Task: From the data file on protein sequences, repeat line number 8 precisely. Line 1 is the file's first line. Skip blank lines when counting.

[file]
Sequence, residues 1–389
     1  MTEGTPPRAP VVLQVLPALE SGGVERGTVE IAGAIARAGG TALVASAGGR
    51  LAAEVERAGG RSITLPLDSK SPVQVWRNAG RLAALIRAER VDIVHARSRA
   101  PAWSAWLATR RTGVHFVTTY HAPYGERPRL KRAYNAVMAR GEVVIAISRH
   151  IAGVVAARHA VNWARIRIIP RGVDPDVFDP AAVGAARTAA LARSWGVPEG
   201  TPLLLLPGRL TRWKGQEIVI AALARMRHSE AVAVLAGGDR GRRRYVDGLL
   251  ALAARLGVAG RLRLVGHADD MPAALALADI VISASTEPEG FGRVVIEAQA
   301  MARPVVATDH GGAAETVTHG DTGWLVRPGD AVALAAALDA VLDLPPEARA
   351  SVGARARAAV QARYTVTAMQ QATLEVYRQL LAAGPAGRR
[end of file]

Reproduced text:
   301  MARPVVATDH GGAAETVTHG DTGWLVRPGD AVALAAALDA VLDLPPEARA